94 crores respectively and a network of 172 branches and more than 200 sub offices extending all over the country. The commercial banks of the country including the Imperial Bank of India had till then confined their operations to the urban sector and were not equipped to respond to the emergent needs of economic regeneration of the rural areas. the development of rural India was given the highest priority.275. The concept of banking as mere repositories of the community's savings and lenders to creditworthy parties was soon to give way to the concept of purposeful banking subserving the growing and diversified financial needs of planned economic development. the State Bank of India (Subsidiary Banks) Act was passed in 1959. First Five Year Plan In 1951. The State Bank of India was destined to act as the pacesetter in this respect and lead the Indian banking system into the exciting field of national development. Later. .11. and integrating with it.72. In order. the All India Rural Credit Survey Committee recommended the creation of a state-partnered and statesponsored bank by taking over the Imperial Bank of India. The State Bank of India was thus born with a new sense of social purpose aided by the 480 offices comprising branches. sub offices and three Local Head Offices inherited from the Imperial Bank. when the First Five Year Plan was launched. to serve the economy in general and the rural sector in particular. the Imperial Bank had a capital base (including reserves) of Rs. the former state-owned or state-associate banks.Stamp of Imperial Bank of India When India attained freedom. therefore. An act was accordingly passed in Parliament in May 1955 and the State Bank of India was constituted on 1 July 1955. enabling the State Bank of India to take over eight former State-associated banks as its subsidiaries (later named Associates). deposits and advances of Rs.14 crores and Rs. More than a quarter of the resources of the Indian banking system thus passed under the direct control of the State.85 crores.
and the SBI Indore branches started functioning as SBI branches on 26 August 2010.) The acquisition of State Bank of Indore added 470 branches to SBI's existing network of 12. the government integrated these banks into the State Bank of India system to expand its rural outreach. reducing the number of state banks from seven to six. Originally.3% in State Bank of Indore.448 and over 21. State Bank of Indore. with itself. emphasising the development of rural India. NON BANKING SUBSIDIARIES Apart from its five associate banks.000 ATMs. SBI General Insurance . (Individuals who held the shares prior to its takeover by the government hold the balance of 1. Then on 19 June 2009 the SBI board approved the merger of its subsidiary. the then seven banks that became the associate banks belonged to princely states until the government nationalised them between October 1959 and May 1960. The total assets of SBI and the State Bank of Indore stood at 9. SBI's total assets will inch very close to the 10 trillion mark. SBI holds 98.190 million as of March 2009.981. In tune with the first Five Year Plan. all use the same logo of a blue circle and all the associates use the "State Bank of" name.ASSOCIATE BANKS SBI has five associate banks. The process of merging of State Bank of Indore was completed by April 2010. The first step towards unification occurred on 13 August 2008 when State Bank of Saurashtra merged with SBI. Ltd. following the acquisition. (SBICPSL) SBI DFHI Ltd SBI Life Insurance Company Ltd. Also.77%. SBI also has the following non-banking subsidiaries: SBI Capital Markets Ltd SBI Funds Management Pvt Ltd SBI Factors & Commercial Services Pvt Ltd SBI Cards & Payments Services Pvt. There has been a proposal to merge all the associate banks into SBI to create a "mega bank" and streamline operations. followed by the regional headquarters' name: State Bank of Bikaner & Jaipur State Bank of Hyderabad State Bank of Mysore State Bank of Patiala State Bank of Travancore Earlier SBI had only seven associate banks that constituted the State Bank Group.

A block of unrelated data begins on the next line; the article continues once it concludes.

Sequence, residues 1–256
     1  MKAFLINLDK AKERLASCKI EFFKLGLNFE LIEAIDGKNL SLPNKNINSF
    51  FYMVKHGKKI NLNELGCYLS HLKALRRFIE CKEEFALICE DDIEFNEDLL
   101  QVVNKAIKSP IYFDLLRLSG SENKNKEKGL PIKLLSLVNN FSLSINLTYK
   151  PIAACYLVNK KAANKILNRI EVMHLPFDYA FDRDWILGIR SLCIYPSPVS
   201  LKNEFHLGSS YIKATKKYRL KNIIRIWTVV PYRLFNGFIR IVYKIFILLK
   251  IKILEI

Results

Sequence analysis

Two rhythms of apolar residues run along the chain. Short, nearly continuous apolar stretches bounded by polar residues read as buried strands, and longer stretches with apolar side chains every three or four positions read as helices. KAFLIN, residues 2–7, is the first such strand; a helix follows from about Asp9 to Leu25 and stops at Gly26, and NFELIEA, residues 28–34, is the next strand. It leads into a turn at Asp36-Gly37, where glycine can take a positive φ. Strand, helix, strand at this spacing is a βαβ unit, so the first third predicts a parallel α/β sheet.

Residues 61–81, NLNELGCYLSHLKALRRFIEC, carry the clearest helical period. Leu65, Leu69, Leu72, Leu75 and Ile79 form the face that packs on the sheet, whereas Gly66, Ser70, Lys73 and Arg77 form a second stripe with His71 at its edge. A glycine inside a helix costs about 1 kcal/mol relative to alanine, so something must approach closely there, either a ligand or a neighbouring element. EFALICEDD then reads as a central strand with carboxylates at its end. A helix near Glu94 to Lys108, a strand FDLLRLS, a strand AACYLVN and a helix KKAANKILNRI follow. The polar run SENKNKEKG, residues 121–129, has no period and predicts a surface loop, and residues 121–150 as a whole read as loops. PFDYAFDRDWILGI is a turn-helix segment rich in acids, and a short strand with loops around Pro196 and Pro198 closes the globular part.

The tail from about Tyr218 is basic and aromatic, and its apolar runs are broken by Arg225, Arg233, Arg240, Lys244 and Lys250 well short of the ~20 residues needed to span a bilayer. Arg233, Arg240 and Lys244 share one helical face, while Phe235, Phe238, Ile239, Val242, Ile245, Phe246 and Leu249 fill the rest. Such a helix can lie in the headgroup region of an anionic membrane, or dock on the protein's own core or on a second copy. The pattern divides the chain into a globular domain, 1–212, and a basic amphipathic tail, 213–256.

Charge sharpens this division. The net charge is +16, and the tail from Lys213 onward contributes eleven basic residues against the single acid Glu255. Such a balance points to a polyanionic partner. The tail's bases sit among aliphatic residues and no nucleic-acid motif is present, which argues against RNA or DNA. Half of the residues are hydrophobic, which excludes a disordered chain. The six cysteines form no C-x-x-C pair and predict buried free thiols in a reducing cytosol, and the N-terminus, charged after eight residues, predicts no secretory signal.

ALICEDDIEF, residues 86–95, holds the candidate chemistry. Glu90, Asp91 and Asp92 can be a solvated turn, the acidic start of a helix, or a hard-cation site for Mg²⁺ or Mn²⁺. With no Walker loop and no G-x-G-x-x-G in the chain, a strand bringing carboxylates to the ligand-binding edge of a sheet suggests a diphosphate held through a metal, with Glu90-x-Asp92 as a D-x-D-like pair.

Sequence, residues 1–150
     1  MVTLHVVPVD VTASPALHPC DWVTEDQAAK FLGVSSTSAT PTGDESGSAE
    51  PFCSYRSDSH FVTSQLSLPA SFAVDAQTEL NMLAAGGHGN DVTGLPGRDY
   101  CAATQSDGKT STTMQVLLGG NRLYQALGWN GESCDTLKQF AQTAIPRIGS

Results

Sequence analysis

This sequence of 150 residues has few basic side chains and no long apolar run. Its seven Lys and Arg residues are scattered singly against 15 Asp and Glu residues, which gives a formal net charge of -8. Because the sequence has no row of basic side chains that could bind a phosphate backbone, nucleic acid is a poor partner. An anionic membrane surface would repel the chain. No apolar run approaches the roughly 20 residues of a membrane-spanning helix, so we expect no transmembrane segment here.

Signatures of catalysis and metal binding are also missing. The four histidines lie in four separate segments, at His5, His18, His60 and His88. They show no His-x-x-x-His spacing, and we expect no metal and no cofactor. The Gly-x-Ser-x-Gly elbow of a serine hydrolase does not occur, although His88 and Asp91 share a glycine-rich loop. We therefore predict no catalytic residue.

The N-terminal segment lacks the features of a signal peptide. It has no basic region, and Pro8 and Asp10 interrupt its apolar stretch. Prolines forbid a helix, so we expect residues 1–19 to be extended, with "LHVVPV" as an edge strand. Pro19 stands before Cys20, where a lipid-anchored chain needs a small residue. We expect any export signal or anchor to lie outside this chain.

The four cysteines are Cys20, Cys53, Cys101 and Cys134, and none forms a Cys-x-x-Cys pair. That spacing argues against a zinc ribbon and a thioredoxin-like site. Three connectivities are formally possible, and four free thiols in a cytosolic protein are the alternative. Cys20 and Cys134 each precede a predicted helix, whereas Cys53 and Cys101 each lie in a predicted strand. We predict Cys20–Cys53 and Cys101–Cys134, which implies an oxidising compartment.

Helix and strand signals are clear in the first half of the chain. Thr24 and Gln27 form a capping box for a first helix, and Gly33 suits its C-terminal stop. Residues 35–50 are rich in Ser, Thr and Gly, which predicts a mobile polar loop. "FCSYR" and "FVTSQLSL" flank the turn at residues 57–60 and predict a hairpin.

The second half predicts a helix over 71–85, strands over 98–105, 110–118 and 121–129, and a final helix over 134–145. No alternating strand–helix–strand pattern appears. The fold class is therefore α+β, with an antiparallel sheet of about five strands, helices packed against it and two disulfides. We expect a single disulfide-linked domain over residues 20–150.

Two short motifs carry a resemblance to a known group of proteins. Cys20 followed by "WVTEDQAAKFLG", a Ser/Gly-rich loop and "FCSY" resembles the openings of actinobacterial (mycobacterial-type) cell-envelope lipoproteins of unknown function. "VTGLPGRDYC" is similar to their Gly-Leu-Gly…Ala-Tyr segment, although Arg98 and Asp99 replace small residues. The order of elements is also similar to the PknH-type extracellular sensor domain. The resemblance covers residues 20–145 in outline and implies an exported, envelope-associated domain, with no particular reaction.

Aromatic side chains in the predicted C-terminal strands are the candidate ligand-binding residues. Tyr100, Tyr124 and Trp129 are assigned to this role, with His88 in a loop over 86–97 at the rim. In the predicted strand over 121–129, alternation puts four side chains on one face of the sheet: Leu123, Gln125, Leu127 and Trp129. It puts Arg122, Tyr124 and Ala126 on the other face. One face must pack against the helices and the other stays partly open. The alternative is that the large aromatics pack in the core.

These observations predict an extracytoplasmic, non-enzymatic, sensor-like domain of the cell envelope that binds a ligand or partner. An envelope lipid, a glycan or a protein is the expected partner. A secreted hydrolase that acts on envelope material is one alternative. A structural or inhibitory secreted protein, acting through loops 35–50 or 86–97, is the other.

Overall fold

drafts.The State Bank of India facilitates remittance of money from one place to another.500 branches. Bhatt on 31 March 2011. gold and government securities.It lends money to merchants and manufacturers for short periods. including branches that belong to its associate banks.000th ATM was inaugurated by the then Chairman of State Bank Shri O. SBI has 21. As an agent. India's number one ADB is in bellary i e State bank of India bellary ADB OBJECTIVES AND FUNCTIONS The State Bank of India acts as an agent of the Reserve Bank of India and performs the following functions: (1) Borrows money:. dividends interest. the bank provides loans to commercial bank when required and also rediscount their bill. The Bank also manages the debts floated by the State Governments. It purchases and sells securities on behalf of its customer.000+ ATMs (25. cloth. It also helps in the transfer on the funds of the State and Central Government. (4) Government’s Bank:. cotton. WORKING AND PROGRESS The State Bank of India.The Bank borrows money from the public by accepting deposits such as current account deposits. It also lends to farmers and co-operative institutions.000 ATMs. and SBI group(including associate banks) has about 45. salaries and pensions on behalf of its customers.The State Bank of India also acts as the agent of theReserve Bank of India. (6) Subsidiary functions: . SBI has about 26.The State Bank performs various subsidiary services also. In discharging this responsibility. wheat. market capitalization and profits is today going through a momentous phase of Change and Transformation – the two hundred year old Public sector .P. number of branches. oil-seeds. fixed deposits and savings deposits. The Bank can lend against agricultural bills upto a maximum period of fifteen months and incase of other bills upto a maximum period of six months. (2) Lends money:. It lends mostly on the security of easily realizable commodities like rice. SBI includes 99345 offices in India.BRANCHES OF SBI State Bank of India has 172 foreign offices in 37 countries across the globe. (5) Remittance:. It receives valuables and documents for safe custody and maintains safe deposit vaults. It collects checks. (3) Banker’s Bank:-The State Bank of India acts as the banker’s bank. the day of his retirement). It also acts as the clearing house of the commercial bank. the State Bank of India maintains the treasuriesof the State Government. the country’s oldest Bank and a premier in terms of balance sheet size. bill of exchange.
Bhatt in January 2008. debit cards.000 employees in a period of 100 days using about 400 Trainers. It has also 7 Subsidiaries in India – SBI Capital Markets.000 villages in the next two years. SBI DFHI. to drive home the message of Change and inclusiveness. etc. The workshops fired the imagination of the employees with some other banks in India as well as other Public Sector Organizations seeking to emulate the programme. It is also focusing at the top end of the market. Custodial Services. The elephant has indeed started to dance. . Throughout all this change. Mobile Banking. The CNN IBN. mobile banking.behemoth is today stirring out of its Public Sector legacy and moving with an agility to give the Private and Foreign Banks a run for their money. P. Mr. the State Bank of India is undertaking. to expand its Rural Banking base. SBICAP Securities. the Bank is also attempting to change old mindsets. In a recently concluded mass internal communication programme termed ‘Parivartan’ the Bank rolled out over 3300 two day workshops across the country and covered over 130. It is in the process of raising capital for its growth and also consolidating its various holdings. today it offers the largest banking network to the Indian customer. It is the only Indian bank to feature in the Fortune 500 list. The Bank is changing outdated front and back end processes to modern customer friendly processes to help improve the total customer experience. to its Chairman. With about 8500 of its own 10000 branches and another 5100 branches of its Associate Banks already networked. The Bank is also in the process of providing complete payment solution to its clientele with its over 21000 ATMs. attitudes and take all employees together on this exciting road to Transformation. and other electronic channels such as Internet banking. structured products etc – each one of these initiatives having a huge potential for growth. SBI Life and SBI Cards . Private Equity. SBI Factors. Some of the training programes are attended by bankers from banks in other countries. Today. It presently has 173 foreign offices in 33 countries across the globe. It is consolidating its global treasury operations and entering into structured products and derivative instruments. The bank is also looking at opportunities to grow in size inIndia as well as Internationally. With four national level Apex Training Colleges and 54 learning Centres spread all over the country the Bank is continuously engaged in skill enhancement of its employees. Point of Sale Merchant Acquisition. General Insurance. the Bank is the largest provider of infrastructure debt and the largest arranger of external commercial borrowings in the country.forming a formidable group in the Indian Banking scenario. looking at the vast untapped potential in the hinterland and proposes to cover 100. and has awarded the prestigious Indian of the Year – Business. The bank is entering into many new businesses with strategic tie ups – Pension Funds. on whole sale banking capabilities to provide India’s growing mid / large Corporate with a complete array of products and services. Network 18 recognized this momentous transformation journey. O. The Bank is forging ahead with cutting edge technology and innovative new banking models. Advisory Services.